A common refrain from movie stars is that they are normal, just like you and me, when clearly those stars who are so big that they achieve icon status have almost nothing in common with us, and nothing to do with reality, apart from the coincidence that they happen to reside in it. They like to think they're ordinary, when in fact their fate, at least on a movie screen where it plays out, is as predetermined as any seafaring hero in Greek myth.
We tend to like this about them - and resent them for it at the same time.
Cary Grant played Cary Grant. Tom Cruise is a dead ringer for Tom Cruise. Stepping outside oneself is a risk for a star. For every Bill Murray, receiving the best notices of his career for ditching his curtain of irony in Lost in Translation, there's an earnest Jim Carrey attempting another Majestic.
Movie stars come to parts trailing behind them reputations and expectations - and as movie critic Molly Haskell wrote back in 1974, at the fringe of an era when a new scruffy type of movie star was emerging who openly disdained the idea of being pigeonholed: “Stardom itself is only one half of a binding contract, in which money and power are granted an actor on the basis of his fulfilling a certain fantasy, to be tampered with only at great peril.”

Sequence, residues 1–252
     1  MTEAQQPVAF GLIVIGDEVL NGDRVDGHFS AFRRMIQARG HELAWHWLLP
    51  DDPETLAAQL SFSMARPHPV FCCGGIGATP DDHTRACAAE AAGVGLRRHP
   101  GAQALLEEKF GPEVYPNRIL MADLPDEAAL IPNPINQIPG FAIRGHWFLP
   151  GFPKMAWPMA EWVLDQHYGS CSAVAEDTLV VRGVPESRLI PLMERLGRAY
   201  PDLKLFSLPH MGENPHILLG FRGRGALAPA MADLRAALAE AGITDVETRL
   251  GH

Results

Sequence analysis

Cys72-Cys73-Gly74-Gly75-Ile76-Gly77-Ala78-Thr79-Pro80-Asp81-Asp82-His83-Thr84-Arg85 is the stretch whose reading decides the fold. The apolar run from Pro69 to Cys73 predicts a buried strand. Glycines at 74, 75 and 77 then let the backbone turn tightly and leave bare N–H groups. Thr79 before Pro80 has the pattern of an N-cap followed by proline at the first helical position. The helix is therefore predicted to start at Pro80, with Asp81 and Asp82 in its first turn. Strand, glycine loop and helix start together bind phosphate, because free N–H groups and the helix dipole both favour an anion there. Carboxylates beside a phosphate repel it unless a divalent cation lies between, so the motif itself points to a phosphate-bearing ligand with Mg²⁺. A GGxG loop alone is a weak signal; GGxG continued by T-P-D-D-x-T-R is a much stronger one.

Take Meg Ryan and Val Kilmer. Both started in movies in the 1980s, both became superstars in the early '90s, then lost their heat or held on or shunned stardom altogether. Either way, this fall, in new movies, they've arrived at the same place - they're both competing with their own reputations. Here's a look at how two actors handle typecasting.